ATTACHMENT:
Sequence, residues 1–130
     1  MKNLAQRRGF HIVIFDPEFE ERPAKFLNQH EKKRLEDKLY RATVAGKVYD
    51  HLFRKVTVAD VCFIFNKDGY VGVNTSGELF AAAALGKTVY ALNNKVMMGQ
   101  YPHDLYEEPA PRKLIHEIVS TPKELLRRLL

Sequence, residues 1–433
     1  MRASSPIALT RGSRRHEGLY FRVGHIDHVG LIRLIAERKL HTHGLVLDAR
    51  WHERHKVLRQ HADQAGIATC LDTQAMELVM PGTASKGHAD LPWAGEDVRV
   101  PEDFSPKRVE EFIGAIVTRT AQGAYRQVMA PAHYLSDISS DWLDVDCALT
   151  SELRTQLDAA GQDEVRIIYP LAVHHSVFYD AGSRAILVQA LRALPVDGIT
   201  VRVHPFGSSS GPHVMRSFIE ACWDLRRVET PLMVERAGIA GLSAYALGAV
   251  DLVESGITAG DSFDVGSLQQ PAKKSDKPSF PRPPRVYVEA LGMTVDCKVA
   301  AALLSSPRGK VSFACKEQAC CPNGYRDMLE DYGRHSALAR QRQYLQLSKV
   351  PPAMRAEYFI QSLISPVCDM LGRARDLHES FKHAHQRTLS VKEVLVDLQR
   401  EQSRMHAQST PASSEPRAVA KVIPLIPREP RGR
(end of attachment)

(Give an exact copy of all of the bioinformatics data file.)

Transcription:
Sequence, residues 1–130
     1  MKNLAQRRGF HIVIFDPEFE ERPAKFLNQH EKKRLEDKLY RATVAGKVYD
    51  HLFRKVTVAD VCFIFNKDGY VGVNTSGELF AAAALGKTVY ALNNKVMMGQ
   101  YPHDLYEEPA PRKLIHEIVS TPKELLRRLL

Sequence, residues 1–433
     1  MRASSPIALT RGSRRHEGLY FRVGHIDHVG LIRLIAERKL HTHGLVLDAR
    51  WHERHKVLRQ HADQAGIATC LDTQAMELVM PGTASKGHAD LPWAGEDVRV
   101  PEDFSPKRVE EFIGAIVTRT AQGAYRQVMA PAHYLSDISS DWLDVDCALT
   151  SELRTQLDAA GQDEVRIIYP LAVHHSVFYD AGSRAILVQA LRALPVDGIT
   201  VRVHPFGSSS GPHVMRSFIE ACWDLRRVET PLMVERAGIA GLSAYALGAV
   251  DLVESGITAG DSFDVGSLQQ PAKKSDKPSF PRPPRVYVEA LGMTVDCKVA
   301  AALLSSPRGK VSFACKEQAC CPNGYRDMLE DYGRHSALAR QRQYLQLSKV
   351  PPAMRAEYFI QSLISPVCDM LGRARDLHES FKHAHQRTLS VKEVLVDLQR
   401  EQSRMHAQST PASSEPRAVA KVIPLIPREP RGR